Go Big or Go Home
After endless speculation, the Unity IPO has finally been filed, prepping this competitor to the Unreal Engine for expansion into a new level of business.
Unity, as you may know, is a game development engine that sees a lot of use around the world. This is fueled in part by the ease of developing for multiple platforms alongside its indie-friendly pricing scheme — indeed, it's possible to create games without spending a penny. Commercial developers will likely have to upgrade to a paid plan, of course, but they can get their start without any kind of serious investment.
Now, Unity has filed an IPO (Initial Public Offering). As Investopedia explains, an IPO involves a private corporation publicly trading its shares on a stock market of its choice, bringing in money from anyone who wishes to buy its shares at market value. This has the potential to be a big payday for Unity, but it's not without its risks.
The Unity IPO Has Promising Numbers (and a Cautious Outlook)
Any company filing an IPO has to fill out Form S-1 and submit it to the Securities and Exchange Commission, the government exchange responsible for regulating stock market trading. The Unity IPO S-1 is now public, and that gives us some insight into the company as it stands today.
For example, Unity brought in an impressive $541 million in calendar year 2019. That's a lot of cash, but the company actually lost $163 million in change for the year. thanks largely to its operating expenses. Nearly half of its revenue has been spent on research and development; the remainder has been focused on sales, marketing, and the general day-to-day operation of the company.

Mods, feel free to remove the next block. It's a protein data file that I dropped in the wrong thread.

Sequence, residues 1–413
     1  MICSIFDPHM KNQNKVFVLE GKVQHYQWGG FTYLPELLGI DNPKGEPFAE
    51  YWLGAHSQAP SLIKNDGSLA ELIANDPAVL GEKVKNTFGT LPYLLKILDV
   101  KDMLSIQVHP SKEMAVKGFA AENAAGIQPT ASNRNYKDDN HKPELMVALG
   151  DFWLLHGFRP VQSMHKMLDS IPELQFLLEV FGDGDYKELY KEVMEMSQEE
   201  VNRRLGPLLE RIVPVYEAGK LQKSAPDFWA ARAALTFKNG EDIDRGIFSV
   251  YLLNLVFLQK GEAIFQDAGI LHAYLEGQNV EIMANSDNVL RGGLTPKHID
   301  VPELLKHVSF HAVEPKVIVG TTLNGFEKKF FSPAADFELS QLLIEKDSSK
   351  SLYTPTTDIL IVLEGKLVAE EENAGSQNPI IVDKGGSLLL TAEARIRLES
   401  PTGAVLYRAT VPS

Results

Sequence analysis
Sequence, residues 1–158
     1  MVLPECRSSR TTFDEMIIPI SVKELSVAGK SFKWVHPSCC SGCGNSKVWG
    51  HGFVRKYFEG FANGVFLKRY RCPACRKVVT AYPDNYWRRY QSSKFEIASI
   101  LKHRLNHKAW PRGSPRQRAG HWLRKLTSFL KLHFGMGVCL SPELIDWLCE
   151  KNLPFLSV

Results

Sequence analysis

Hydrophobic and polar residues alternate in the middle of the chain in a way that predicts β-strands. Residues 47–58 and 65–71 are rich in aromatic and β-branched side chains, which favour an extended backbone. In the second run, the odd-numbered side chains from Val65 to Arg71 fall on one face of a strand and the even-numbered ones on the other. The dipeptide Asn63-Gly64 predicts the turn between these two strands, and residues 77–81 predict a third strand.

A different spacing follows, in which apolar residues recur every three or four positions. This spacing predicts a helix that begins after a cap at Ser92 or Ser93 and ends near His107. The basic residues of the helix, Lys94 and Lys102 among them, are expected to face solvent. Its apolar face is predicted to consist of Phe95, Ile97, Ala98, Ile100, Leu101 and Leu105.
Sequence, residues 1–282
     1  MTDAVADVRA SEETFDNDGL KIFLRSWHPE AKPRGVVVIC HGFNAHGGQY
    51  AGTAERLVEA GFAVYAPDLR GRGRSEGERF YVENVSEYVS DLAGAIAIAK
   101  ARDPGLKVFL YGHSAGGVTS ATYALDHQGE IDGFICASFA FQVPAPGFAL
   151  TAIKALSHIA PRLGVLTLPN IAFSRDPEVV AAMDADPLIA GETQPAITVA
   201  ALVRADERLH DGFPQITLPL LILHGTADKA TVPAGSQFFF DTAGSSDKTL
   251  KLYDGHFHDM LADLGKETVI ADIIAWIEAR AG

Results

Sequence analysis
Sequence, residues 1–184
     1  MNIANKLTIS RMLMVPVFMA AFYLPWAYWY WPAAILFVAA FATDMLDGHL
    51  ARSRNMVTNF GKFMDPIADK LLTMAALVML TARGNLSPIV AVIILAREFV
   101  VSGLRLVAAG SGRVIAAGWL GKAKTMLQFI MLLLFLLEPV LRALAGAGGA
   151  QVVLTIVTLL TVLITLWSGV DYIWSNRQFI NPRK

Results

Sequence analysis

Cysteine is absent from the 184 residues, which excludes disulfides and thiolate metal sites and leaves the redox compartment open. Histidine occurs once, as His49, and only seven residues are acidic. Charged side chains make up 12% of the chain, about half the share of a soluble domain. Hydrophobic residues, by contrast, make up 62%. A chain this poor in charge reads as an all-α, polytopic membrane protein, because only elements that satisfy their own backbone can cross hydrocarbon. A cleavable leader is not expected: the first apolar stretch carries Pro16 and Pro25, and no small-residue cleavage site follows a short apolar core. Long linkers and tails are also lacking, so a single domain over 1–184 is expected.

Young companies like Unity typically run in the red for the first few years, especially as they tend to reinvest their profits back into the company to fight for even stronger growth. That said, Unity is wisely cautious about its future prospects.
"While we have experienced significant revenue growth in recent periods, this growth rate may decline in future periods, and you should not rely on the revenue growth of any given prior period as an indication of our future performance. We are not certain whether we will be able to sustain or increase our revenue or whether or when we will attain sufficient revenue to achieve or maintain profitability in the future. We also expect our costs and expenses to increase in future periods, which could negatively affect our future results of operations if our revenue does not increase by amounts sufficient to offset such costs and expenses." — Unity's S-1 Form
This may sound dire, but an honest assessment of the risks is pretty standard for an IPO. In this case, Unity needs to maintain its many subscriptions to its professional licenses while focusing on growing as a company and developing new innovations. As with all things, one or more of these ventures might fail, and that could negatively impact the stock price in the future.
That said, the Unity IPO seems promising at its face. Games using this engine are installed on hundreds of millions of devices around the world and an upcoming console generation (along with a rumored new Nintendo Switch) will surely fuel a new wave of game development. We can't say for sure how Unity will do in the long run, but the competition between game engines is sure to be interesting.
Are you excited for the Unity IPO? Do you think going public will negatively impact the company in the long term? Let us know in the comments below!
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